And you've misunderstood my criticism. I didn't this ad could double as an ad for cell-phones. I said this ad will be interpreted as an ad for cell phones by people who don't know what condoms are. And as Tazeen's post showed, I was correct.


I was once vacationing in Swat valley and driving through the hills, and I put on the radio, and someone on the radio said condoms are unislamic because they are a western conspiracy to keep the Muslims of the world down. So that's where I heard it, and that's my reasoning.

Philistine said...

Ahsan and Tazeen:
I don't think the purpose of this ad was to provide instruction in family planning and condom usage, therefore measuring the success of the ad in correspondence with how much the target population learned from it is a bit unfair.

Which is not to say that this kind of instruction isn't important, but I've heard from development workers and health professionals that people in Pakistan are loathe to talk about sex or protection because of the embarrassment/shame factor. As AKS pointed out, this is true even of some people in our demographic. So if this ad helps make people cringe less when someone approaches them to talk about family planning, then I reiterate, it is a job well done.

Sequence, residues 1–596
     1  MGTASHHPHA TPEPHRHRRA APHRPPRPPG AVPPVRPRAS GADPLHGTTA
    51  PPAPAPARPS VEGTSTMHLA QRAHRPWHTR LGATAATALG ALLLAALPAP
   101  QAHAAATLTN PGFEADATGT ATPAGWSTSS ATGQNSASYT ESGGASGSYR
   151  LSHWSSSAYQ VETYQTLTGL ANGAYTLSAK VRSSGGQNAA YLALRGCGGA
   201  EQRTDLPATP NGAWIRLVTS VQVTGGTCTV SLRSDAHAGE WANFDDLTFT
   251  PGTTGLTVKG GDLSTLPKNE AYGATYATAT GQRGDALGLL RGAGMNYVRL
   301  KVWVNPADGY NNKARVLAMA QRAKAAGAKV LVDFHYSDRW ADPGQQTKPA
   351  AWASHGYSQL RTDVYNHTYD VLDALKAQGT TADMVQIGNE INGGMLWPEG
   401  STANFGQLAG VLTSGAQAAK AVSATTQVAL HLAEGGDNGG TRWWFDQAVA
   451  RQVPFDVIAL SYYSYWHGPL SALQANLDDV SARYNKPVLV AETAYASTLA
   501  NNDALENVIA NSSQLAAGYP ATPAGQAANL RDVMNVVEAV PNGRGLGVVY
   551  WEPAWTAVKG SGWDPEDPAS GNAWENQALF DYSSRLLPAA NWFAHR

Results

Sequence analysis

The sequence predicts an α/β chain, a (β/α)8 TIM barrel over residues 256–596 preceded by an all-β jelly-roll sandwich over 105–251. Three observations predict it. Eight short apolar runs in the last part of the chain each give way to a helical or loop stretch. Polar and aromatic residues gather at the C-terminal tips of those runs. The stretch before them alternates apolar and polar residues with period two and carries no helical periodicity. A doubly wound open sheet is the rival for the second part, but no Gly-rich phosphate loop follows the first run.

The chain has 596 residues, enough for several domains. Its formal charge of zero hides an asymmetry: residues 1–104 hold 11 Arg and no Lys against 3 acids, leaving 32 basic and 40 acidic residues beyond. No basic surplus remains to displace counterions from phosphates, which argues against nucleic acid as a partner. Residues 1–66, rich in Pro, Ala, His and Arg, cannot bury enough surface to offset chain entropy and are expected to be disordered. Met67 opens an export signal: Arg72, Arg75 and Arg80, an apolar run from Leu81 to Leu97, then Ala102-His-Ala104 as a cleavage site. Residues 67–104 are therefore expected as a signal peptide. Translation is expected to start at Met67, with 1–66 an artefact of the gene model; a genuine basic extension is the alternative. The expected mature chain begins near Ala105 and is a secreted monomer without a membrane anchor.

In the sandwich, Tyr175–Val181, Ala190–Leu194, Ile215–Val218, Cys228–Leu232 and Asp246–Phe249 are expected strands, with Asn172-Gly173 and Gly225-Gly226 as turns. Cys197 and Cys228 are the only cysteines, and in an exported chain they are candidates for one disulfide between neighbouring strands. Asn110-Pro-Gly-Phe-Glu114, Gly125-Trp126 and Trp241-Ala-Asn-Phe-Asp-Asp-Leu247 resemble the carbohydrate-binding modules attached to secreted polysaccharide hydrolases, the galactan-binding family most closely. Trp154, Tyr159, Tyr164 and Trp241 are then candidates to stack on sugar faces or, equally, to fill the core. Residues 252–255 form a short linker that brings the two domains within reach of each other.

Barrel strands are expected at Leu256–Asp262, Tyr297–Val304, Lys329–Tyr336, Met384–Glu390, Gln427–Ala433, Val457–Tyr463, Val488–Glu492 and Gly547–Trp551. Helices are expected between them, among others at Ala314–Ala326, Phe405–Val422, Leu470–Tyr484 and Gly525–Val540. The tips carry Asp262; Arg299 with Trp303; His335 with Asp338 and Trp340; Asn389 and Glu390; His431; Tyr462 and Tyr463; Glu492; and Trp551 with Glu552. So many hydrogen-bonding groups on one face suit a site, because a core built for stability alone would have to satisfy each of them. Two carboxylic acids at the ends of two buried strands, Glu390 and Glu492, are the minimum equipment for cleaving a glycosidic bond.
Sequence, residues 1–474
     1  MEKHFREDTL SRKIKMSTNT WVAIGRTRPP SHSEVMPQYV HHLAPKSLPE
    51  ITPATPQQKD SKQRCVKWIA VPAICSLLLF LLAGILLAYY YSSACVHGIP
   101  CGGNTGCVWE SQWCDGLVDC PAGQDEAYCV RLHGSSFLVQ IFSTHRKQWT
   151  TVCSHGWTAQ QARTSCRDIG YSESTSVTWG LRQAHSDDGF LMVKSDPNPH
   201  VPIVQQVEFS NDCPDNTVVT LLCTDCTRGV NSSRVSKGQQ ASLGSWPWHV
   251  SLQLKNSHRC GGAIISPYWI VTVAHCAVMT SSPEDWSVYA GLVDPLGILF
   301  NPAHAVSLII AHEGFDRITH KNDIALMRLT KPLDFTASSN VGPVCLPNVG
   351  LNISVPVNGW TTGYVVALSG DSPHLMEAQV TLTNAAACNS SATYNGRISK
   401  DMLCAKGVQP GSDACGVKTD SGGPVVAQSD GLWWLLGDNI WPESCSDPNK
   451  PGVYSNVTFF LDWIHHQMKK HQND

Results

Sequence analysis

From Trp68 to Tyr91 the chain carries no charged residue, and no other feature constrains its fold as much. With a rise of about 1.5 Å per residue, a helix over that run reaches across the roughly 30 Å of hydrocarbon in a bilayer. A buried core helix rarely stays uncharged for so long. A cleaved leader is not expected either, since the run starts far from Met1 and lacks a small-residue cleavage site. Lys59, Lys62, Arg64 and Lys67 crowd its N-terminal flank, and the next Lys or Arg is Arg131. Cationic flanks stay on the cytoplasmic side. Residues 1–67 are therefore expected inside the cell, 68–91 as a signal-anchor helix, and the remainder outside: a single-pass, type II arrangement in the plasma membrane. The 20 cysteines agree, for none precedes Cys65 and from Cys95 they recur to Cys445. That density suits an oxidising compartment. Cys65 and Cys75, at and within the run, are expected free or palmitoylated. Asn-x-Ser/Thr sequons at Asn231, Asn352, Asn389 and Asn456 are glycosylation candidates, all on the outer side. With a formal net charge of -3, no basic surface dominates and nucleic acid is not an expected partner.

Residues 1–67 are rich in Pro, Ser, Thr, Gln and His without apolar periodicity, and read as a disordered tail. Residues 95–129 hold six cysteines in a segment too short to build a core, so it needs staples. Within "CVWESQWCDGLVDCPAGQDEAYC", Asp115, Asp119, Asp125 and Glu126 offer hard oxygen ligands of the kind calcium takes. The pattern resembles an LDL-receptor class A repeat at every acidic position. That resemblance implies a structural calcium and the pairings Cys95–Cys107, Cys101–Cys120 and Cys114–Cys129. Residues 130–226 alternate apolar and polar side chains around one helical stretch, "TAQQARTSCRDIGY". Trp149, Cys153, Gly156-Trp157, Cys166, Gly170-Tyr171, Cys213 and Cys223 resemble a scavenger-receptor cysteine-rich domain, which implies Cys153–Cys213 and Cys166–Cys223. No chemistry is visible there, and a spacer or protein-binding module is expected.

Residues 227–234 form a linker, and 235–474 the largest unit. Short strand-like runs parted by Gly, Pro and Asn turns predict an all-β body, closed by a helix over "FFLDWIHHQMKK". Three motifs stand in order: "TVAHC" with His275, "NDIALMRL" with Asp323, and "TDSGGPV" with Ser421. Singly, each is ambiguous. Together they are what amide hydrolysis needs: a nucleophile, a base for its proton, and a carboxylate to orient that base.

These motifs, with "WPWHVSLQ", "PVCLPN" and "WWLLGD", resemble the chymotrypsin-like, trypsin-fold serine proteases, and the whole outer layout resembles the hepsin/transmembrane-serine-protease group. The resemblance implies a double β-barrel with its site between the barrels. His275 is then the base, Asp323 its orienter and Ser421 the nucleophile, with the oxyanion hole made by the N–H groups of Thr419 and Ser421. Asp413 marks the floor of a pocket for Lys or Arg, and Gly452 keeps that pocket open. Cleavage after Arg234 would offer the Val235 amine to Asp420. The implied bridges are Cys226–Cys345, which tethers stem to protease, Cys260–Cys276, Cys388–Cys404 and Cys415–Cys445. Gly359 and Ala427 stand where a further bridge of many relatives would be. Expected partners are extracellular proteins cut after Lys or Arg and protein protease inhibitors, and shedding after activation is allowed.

What Green Star needs to do now is capitalize on this publicity and send health workers to the field in droves, with truckloads of touch condoms, jingle playing in the background. Sort of like an ice-cream truck.

AKS, you can rest assured that this will put an end to the debate, if only because Ahsan NEVER REPLIES TO MY COMMENTS!! Posting this on Tazeen's wall too.

Ahsan said...